I think making a similar distinction with wing chun is in order. I don't really consider it a true martial art, rather an art with martial aspects in it. That doesn't mean that you can't have a great martial artist who is a wing chun guy. And a wing chun MARTIAL ART school should teach how to fight.

    I really value my training in wing chun. It has literally saved my ass in some self defense situations. But the thing is, I put in a lot of work beyond what was done in class to make it applicable. I also had some experience in wrestling, karate, boxing and different styles of kung fu, which, although very limited, had a big influence. I'm nothing awesome, but I was able to take what I had learned from my sifus and form it into something cohesive enough to get me at a level to have a clear advantage over your average joe. All of the chunners I respect have had to go through a similar process. I have some sambo, judo, and boxing friends who never even took an interest in self-defense but theirs works "out of the box."

    The way I see it, it has plenty of value, but it needs to be viewed in the right perpective. If you put the fight effectivity goggles on a less than effective martial art, you essentially just erase that martial art. Anyone serious who realizes there are more effective martial arts will avoid it. Sound familiar?
    Did you just pull the "true martial art" trope? Stop it.
  9. Vieux Normand is offline

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    Posted On:
    4/29/2013 4:59pm

    Join us... or die
     Style: 血鷲

    5
    Hell yeah! Hell no!
    Quote Originally Posted by kalavic View Post
    It's also full of wu.

    Wuuuuuuuuu are you?

    Wu-wu, wu-wu.


    Thread is now a crime scene.
  10. bobyclumsyninja is offline
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    Posted On:
    4/29/2013 8:58pm

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     Style: Ex-Tiger KF, ex-SanDa

    3
    Hell yeah! Hell no!
    Quote Originally Posted by Vieux Normand View Post

    Wuuuuuuuuu are you?

    Wu-wu, wu-wu.


    Thread is now a crime scene.
    That song had the only **** allowed on Rock radio for the longest (AFAIK). What a win!
    Quote Originally Posted by kalavic View Post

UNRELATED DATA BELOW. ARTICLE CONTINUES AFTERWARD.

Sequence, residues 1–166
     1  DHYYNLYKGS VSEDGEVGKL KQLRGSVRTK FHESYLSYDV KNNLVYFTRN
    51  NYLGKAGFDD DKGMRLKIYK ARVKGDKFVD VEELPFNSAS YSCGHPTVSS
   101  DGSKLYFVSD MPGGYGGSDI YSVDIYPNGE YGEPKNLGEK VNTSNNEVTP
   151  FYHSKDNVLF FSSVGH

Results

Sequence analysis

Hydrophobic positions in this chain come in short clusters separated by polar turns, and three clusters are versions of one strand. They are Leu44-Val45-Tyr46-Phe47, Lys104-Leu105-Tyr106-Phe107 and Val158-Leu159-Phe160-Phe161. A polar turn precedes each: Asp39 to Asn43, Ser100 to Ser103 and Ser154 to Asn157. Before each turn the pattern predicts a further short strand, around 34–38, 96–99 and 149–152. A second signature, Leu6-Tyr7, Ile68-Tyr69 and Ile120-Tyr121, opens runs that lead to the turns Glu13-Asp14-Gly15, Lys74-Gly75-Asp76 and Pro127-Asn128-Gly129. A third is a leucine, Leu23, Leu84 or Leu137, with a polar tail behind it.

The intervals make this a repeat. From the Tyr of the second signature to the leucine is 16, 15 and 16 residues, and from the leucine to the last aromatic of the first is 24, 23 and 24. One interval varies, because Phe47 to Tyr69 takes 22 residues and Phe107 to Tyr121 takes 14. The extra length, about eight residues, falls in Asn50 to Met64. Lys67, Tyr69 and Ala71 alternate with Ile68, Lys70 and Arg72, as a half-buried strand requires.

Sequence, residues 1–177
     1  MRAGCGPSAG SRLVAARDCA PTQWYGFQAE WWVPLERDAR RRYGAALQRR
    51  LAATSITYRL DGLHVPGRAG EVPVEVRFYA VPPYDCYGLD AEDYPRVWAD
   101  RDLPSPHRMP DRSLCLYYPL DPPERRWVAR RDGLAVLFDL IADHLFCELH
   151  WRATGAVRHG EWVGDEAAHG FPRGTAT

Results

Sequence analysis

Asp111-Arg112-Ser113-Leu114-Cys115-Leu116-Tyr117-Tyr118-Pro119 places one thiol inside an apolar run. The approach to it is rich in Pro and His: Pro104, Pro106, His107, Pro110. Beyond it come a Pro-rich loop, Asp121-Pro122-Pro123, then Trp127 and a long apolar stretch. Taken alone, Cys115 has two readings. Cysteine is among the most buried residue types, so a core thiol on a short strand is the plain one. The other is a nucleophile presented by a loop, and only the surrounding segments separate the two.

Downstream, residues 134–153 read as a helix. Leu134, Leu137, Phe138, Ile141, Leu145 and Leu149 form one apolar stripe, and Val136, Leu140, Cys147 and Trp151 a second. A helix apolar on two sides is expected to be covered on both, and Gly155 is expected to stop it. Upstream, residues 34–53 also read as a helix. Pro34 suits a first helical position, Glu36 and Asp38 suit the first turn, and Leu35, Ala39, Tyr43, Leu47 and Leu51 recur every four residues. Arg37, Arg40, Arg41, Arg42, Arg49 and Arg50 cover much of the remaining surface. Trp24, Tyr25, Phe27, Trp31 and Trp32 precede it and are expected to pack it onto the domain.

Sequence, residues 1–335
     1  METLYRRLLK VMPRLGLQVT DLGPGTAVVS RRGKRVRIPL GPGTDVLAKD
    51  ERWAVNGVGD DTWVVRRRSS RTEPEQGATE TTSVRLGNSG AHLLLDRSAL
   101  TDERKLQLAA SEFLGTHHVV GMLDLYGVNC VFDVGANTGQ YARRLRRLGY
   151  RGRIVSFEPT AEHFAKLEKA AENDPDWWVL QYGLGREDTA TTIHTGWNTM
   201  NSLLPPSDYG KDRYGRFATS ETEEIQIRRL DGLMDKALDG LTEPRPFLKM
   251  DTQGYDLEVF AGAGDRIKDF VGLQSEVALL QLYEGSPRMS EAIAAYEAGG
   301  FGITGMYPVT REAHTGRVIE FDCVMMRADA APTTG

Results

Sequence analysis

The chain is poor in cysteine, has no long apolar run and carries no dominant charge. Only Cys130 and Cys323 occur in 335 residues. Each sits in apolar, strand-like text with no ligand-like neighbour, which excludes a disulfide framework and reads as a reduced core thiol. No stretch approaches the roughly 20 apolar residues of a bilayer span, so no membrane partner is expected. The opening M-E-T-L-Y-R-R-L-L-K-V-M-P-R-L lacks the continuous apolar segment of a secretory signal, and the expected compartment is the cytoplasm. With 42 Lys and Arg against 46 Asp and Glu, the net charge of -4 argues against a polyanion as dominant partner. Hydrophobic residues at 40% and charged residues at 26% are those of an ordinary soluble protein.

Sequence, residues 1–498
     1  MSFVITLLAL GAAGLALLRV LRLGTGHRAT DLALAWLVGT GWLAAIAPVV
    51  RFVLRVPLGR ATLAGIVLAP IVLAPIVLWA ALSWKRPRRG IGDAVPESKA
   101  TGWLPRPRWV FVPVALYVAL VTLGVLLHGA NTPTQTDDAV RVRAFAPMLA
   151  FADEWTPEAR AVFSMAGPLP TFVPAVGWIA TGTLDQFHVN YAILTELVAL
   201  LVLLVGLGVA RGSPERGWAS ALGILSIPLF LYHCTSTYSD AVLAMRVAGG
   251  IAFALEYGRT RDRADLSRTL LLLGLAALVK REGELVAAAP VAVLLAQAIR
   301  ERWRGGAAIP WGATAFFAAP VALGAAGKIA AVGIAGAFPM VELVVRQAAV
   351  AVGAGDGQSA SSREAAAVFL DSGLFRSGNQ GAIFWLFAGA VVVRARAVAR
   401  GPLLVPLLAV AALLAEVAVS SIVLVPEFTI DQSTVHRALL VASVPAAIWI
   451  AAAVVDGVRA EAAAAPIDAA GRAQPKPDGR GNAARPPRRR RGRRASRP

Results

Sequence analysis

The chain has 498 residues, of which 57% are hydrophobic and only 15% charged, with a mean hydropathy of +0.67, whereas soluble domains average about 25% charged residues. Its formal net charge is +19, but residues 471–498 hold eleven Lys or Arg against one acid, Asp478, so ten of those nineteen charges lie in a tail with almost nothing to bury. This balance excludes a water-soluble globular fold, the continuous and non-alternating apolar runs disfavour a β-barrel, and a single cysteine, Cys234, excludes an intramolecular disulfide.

The way I see it, it has plenty of value, but it needs to be viewed in the right perpective. If you put the fight effectivity goggles on a less than effective martial art, you essentially just erase that martial art.
    Yes. Consumers that are looking for safety (in this case, through a system to teach them hand-to-hand combat) SHOULD ditch the shitty for the less shitty, or downright-free-of-****-at-all.

    If a door lock doesn't work unless you have three other locks, and those locks alone would match the impact resistance (?!? :) of all four combined...what the flick does anyone need that lock for? Why pay for it? Why even put it on your door if it was free?

    Wouldn't it get in the way? Possibly it could be confusing in an emergency. If used alone it could give a false sense of security. It doesn't seem to add anything, and doesn't even ping a cost-benefit analysis (unless you just like to masturbate to a bunch of superfluous metal on your door, in which case ok).

    If you have to ditch most of it to make it work (and that IS the case with WC/VT/???), why bother?

    We have finite lifespans, so why go for an expensive millionth-best, with all there is to offer?

    Don't ask what's good about it, and instead recognize that there's less right with it, proportionately, than so many other martial arts, that you are chasing the pot with bottom pair and a pathetic kicker (if you'll pardon the poker analogy, on top of the door-lock analogy).